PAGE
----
The NBA on Wednesday ordered its teams to play the US national anthem before games while Dallas Mavericks owner Mark Cuban downplayed his instructions that kept it from being played at home games so far this season.
The anthem, which has supporters and deriders in a polarized political battle, wasn't played for the first 11 Mavs home games but Cuban said he will follow league instructions and has no problems with playing the song.
Controversy erupted only hours after Cuban confirmed to ESPN he had instructed "The Star-Spangled Banner" not be played before home games, a decision he said he made after consulting NBA commissioner Adam Silver.
The league quickly countermanded that move.
"With NBA teams now in the process of welcoming fans back into their arenas, all teams will play the national anthem in keeping with longstanding league policy," NBA chief communications officer Mike Bass said in a statement Wednesday.
Cuban said the anthem was stopped but conversations with the community were ongoing about its status.
"We've had a lot of conversations about whether or not we should play the anthem, and so during the first pre-season game, we decided to not play it and just see what the response was," Cuban told ESPN.
"We didn't cancel the national anthem... There was never any final decision that was made that we would not play the anthem."
The Mavericks were like most NBA teams and had no spectators for their first 10 home games but 1,500 vaccinated essential workers were given free seats to Monday's game against Minnesota.
After the NBA pulled the plug on his anthem-less contests, Cuban released a statement focused on the issue of people who take issue with the anthem.
"We respect and always have respected the passion people have for the anthem and our country," Cuban said. "But we also loudly hear the voices of those who feel that the anthem does not represent them.
"We feel that their voices need to be respected and heard, because they have not been."
"Going forward, our hope is that people will take the same passion they have for this issue and apply the same amount of energy to listen to those who feel differently from them.
"Only then we can move forward and have courageous conversations that move this country forward and find what unites us."
An NBA rule requires players to stand when the anthem is played but it hasn't been enforced as players have used kneeling during the anthem as a way to protest social and racial injustice, notably during last year's quarantine bubble games after Black Lives Matter protests.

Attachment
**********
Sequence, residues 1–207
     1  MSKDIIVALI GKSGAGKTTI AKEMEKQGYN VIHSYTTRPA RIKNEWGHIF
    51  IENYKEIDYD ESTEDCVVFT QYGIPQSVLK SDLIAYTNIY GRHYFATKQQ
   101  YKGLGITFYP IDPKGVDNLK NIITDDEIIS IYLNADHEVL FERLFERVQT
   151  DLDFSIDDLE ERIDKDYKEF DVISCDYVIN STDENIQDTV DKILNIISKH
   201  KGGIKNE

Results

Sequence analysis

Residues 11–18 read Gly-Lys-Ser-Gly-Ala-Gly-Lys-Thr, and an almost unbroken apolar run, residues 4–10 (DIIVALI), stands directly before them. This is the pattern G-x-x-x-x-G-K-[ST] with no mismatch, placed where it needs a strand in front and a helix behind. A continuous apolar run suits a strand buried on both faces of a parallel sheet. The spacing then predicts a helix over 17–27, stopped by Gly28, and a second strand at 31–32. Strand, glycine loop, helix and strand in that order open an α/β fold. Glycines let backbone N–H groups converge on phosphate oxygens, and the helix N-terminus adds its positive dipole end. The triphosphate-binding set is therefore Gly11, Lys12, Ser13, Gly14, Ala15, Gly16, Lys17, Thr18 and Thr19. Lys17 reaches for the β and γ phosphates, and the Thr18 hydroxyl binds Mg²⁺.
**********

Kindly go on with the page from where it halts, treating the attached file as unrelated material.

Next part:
- 'Slap in the face' -
Texas Lieutenant Governor Dan Patrick introduced the Star-Spangled Banner Protection Act to require the anthem be played at all events receiving public funding.
"It is hard to believe this could happen in Texas, but Mark Cuban's actions made it clear that we must specify that in Texas we play the national anthem before all major events," Patrick said Wednesday.
"In this time when so many things divide us, sports are one thing that bring us together -- right, left, black, white and brown."
Patrick thanked the NBA on Twitter for "slapping down @mcuban's crazy idea to cancel the National Anthem." and told Cuban "Your decision to cancel our National Anthem at @dallasmavs games is a slap in the face to every American & an embarrassment to Texas.
"Sell the franchise & some Texas Patriots will buy it. We ARE the land of free & the home of the brave."
Even the NHL's Dallas Stars, who share American Airlines Arena with the Mavericks, dug in their spurs, tweeting, "The playing of the national anthem is a time-honored tradition and the Dallas Stars will continue to perform 'The Star-Spangled Banner' prior to our games."
Few NBA teams have welcomed back fans due to the Covid-19 pandemic and then only in reduced capacity socially distanced settings. Up to 13 teams will be able to have fans at games by the end of the month.